After arriving at a cricket match, the excursion in question being the national pastime, religion and obsession of the Indian people, he noticed the similarities between the games, specifically the skills of the pitchers. Since the book has been out for a few years now, having been adapted for the big screen as well, with John Hamm playing the writer, I needn't worry about spoilers. This isn't Infinity Wars, and I'm not internet troll while sober.

The crux of the tome for me was the inspiration inherent in the pursuit of athletics. A powerful left and right arm, respectively for both young Indian men, resulted in hitherto untold fortunes for them and their families. I enjoy the biographies and autobiographies of athletes for this reason particularly.

The repitition inherent to their practices can be applied to any endeavor, and the promise of hard work actually paying off is intoxicating. I finished the book over the course of 2.5 hours at an Applebee's bar, undisturbed and content. I recall placidly a monologue from Damien Echols, author of Life After Death.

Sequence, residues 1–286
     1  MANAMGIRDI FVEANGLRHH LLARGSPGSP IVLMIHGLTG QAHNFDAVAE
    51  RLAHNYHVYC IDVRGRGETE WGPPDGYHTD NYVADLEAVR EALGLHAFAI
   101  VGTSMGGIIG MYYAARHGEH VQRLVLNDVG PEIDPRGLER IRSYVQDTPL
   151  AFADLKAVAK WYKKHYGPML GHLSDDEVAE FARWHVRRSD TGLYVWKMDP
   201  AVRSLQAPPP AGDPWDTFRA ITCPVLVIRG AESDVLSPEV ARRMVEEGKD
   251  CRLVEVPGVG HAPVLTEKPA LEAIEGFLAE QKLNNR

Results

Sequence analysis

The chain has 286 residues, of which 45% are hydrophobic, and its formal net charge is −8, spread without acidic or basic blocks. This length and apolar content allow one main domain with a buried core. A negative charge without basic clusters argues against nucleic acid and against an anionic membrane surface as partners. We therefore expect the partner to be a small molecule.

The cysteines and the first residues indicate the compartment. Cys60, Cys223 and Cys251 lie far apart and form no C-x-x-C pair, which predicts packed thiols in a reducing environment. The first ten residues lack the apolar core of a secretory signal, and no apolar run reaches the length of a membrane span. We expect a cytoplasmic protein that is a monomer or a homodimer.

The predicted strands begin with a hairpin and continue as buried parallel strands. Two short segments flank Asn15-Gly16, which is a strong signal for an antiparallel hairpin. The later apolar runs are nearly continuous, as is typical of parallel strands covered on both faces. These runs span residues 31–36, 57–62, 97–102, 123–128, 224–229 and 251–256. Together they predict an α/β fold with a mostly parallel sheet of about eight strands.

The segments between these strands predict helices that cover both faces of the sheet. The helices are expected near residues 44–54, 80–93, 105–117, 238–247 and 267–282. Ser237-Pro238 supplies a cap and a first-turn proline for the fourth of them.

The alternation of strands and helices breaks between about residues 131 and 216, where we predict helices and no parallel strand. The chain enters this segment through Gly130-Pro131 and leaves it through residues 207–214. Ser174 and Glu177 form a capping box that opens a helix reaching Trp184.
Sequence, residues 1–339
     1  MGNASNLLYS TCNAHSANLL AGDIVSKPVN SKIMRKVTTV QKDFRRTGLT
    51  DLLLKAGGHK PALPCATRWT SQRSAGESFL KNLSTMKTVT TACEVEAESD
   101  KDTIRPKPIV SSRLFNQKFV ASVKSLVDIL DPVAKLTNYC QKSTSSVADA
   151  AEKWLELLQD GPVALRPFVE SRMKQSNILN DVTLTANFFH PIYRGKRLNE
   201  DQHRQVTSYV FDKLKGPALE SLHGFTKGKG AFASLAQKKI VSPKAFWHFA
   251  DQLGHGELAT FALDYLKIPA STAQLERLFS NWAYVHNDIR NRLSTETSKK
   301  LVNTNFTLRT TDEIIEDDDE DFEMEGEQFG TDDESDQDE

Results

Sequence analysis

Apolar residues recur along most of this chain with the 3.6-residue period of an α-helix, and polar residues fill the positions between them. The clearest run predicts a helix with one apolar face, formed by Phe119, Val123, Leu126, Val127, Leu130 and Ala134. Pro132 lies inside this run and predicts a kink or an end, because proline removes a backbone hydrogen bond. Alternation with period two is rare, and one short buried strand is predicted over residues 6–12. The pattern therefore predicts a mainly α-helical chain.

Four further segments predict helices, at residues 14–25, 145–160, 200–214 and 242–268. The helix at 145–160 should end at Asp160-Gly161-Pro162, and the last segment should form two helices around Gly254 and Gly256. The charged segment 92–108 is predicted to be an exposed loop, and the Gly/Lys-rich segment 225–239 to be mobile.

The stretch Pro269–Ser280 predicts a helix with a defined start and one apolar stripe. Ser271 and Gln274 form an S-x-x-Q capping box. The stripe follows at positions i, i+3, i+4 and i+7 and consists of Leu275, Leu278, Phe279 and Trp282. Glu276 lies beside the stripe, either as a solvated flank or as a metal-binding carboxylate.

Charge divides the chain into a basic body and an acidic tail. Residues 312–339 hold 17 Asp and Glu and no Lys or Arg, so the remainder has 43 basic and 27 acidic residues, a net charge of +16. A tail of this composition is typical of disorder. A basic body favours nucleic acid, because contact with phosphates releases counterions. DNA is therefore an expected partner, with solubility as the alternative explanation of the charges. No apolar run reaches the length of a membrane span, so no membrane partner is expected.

He spent 21 years on Death Row, wrongfully incarcerated by a vengeful, unjust system as part of the tragically infamous West Memphis 3, a group of teenagers who were, in a disgusting and disturbing aberration of judicial process, tried and convicted solely because of the fact that they were different. In a Bible Belt town, they had the individuality and courageousness to wear black and listen to heavy metal, to express themselves without reservations.

Charlatans posing as lawyers pinned the sins of an animal masquerading as a man on them, and they were incarcerated. In his book, Echols speaks of books as his lifeline, crediting them, along with his fastidious, ironclad love for his wife and the tireless and laborious efforts of supporters literally worldwide, as being integral to him maintaining his sanity whilst entombed by a vicious miscarriage of justice.

Reading it at sea, the message rang clear as day, striking as church bells penetrating a murky, heavy fog. On evenings like this I thank God for literature, for its expertise at transporting me somewhere else, offering insight into the human condition and my own soul by proxy. My bag is heavy with bounded pages and fresh bindings. I'm blessed.